Harvard Medical School researchers have uncovered a new pathway in insulin resistance and show that a newly discovered small-molecule inhibitor can interrupt this pathway and increase insulin signaling.
Insulin resistance unleashes a vicious cycle in Type 2 diabetes whereby excess blood sugar induces the release of yet more insulin by the pancreas. A primary goal of treatment is to boost insulin sensitivity so that liver cells can more effectively store blood sugar and release less of it into the bloodstream.
Researchers at Harvard Medical School have uncovered a new pathway in insulin resistance, one that is governed by protein interactions driven by the lipid composition of cell membranes. They also show that a newly discovered small-molecule inhibitor can interrupt this pathway and increase insulin signaling.
“When taken together with our prior publications, these findings suggest that the inhibitor could be a novel agent for the treatment of Type 2 diabetes,” said David E. Cohen, HMS Robert H. Ebert Professor of Medicine and Health Sciences and Technology at Brigham and Women’s Hospital, and a senior author on the paper.
The findings are published in the July 30 issue of Science Signaling.
The newly revealed pathway is coordinated by a complex of two molecular partners: phosphatidylcholine transfer protein (PC-TP) and thioesterase superfamily member 2 (THEM2). In a previous study, Cohen found that suppressing PC-TP reduced blood sugar levels, boosted insulin sensitivity and improved resistance to Type 2 diabetes in mice. Inactivating THEM2 had a similar effect, but the way in which the two molecular players achieved their benefits in diabetes remained unclear.
Baran Ersoy, a post-doctoral fellow in Cohen’s lab before becoming an HMS instructor in medicine at Brigham and Women’s, launched a multiyear series of studies to find out. He relied on a PC-TP inhibitor dubbed compound A1 (developed previously in Cohen’s laboratory), and found that the PC-TP complex suppressed the insulin signaling pathway at two distinct points.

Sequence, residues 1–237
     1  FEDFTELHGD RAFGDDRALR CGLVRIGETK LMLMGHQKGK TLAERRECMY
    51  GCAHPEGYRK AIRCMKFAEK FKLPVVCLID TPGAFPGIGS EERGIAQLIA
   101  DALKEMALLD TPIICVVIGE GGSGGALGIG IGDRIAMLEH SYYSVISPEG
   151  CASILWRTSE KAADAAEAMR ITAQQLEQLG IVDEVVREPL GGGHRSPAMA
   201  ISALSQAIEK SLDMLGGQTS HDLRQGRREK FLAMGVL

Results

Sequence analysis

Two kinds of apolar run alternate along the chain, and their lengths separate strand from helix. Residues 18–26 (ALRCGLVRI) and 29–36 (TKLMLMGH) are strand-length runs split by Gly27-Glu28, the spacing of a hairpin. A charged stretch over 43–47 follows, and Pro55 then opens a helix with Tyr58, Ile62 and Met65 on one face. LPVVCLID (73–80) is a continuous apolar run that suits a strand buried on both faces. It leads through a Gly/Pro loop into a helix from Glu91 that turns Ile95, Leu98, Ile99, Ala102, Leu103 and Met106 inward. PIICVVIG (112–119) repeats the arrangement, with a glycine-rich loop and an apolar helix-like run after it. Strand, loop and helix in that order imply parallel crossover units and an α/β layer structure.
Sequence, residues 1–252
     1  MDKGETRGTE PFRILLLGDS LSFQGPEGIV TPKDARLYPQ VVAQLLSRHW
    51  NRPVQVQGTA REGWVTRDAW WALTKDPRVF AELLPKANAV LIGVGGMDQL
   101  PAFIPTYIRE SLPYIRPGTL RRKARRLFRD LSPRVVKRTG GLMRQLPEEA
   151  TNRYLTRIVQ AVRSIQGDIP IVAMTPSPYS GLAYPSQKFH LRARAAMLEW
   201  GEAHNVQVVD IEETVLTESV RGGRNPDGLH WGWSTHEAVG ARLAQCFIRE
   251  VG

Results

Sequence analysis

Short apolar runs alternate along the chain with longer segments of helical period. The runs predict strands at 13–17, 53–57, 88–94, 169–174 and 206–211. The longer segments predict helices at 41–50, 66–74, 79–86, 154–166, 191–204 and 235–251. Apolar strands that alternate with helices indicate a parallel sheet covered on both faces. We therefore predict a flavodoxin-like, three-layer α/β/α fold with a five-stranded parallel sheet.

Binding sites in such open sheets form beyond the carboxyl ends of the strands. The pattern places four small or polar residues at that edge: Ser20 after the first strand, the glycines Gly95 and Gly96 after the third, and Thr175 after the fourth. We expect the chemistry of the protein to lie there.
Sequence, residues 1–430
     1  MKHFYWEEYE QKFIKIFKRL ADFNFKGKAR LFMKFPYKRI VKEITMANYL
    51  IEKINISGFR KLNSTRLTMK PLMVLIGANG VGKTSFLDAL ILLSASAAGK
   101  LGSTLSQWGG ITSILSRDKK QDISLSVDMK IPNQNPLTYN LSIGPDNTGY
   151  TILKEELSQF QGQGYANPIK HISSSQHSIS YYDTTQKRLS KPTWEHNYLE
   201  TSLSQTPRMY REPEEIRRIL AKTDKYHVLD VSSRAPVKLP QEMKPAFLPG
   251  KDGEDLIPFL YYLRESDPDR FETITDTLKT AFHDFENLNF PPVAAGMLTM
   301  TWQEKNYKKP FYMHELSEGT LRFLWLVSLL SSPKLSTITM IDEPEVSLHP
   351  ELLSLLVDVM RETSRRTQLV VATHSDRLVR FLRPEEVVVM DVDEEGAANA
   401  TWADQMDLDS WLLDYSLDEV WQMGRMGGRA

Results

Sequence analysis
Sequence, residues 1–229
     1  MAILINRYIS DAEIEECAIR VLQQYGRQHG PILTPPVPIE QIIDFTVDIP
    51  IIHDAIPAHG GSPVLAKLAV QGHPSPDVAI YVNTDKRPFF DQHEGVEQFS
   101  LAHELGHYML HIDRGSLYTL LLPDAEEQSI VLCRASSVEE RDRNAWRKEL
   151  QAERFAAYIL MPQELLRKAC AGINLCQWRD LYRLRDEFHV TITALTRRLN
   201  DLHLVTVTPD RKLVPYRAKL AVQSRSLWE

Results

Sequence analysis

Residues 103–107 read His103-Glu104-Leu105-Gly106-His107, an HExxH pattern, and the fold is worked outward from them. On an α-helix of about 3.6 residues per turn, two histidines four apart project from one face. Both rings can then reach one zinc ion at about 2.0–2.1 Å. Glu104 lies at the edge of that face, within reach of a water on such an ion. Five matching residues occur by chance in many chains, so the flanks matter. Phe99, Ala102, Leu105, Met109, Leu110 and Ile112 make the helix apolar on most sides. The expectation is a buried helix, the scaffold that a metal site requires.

Ersoy first showed that PC-TP and THEM2 each suppress insulin receptor substrate 2 (IRS2), a protein that would otherwise limit glucose production and storage when insulin binds to the surface of liver cells. He also found that PC-TP and THEM2 suppress a different protein known as mammalian target of rapamycin complex 1, which has similar regulatory effects on glucose control.
In overfed mice with diabetes, the PC-TP complex gets stuck in an “on” position and continues to suppress insulin signaling causing liver cells to make and release too much glucose into the bloodstream. But by using compound A1 to limit PC-TP activity, Ersoy was able to restore the liver’s insulin sensitivity so that mice had lower levels of blood sugar and greater resistance to diabetes symptoms.
What’s more, compound A1 exerted these benefits before the mice could harness other metabolic options for boosting insulin sensitivity. This helped to confirm that the observed improvements in insulin sensitivity had resulted from PC-TP inhibition and not some other adaptive mechanism.
“What attracted us to this was we had a protein with very specific characteristics that regulates an unanticipated metabolic process,” Cohen said. “We saw an opportunity to explain it as well as an opportunity to intervene.”
From here, Cohen’s research team plans to conduct increasingly detailed investigations into how PC-TP and THEM2 regulate insulin signaling and glucose control, in addition to other metabolic effects. “We see more and more examples of genes that regulate metabolism,” Cohen said. “In this case, we’ve taken that research a step further by creating a chemical compound that inhibits the metabolic target and that helps us to understand the mechanism by which it works.”
This work was supported by the National Institutes of Health (DK56626, DK48873, CA122617, HL46457, HL48743, and DK080789), the Harvard Digestive Diseases Center (P30 DK34854), a Ruth L. Kirschstein National Research Service Award (DK093195) and an American Liver Foundation Congressman John Joseph Moakley Postdoctoral Research Fellowship Award.
Reference: “Phosphatidylcholine Transfer Protein Interacts with Thioesterase Superfamily Member 2 to Attenuate Insulin Signaling” by Baran A. Ersoy, Akansha Tarun, Katharine D’Aquino, Nancy J. Hancer, Chinweike Ukomadu, Morris F. White, Thomas Michel, Brendan D. Manning and David E. Cohen, 30 July 2013, Science Signaling.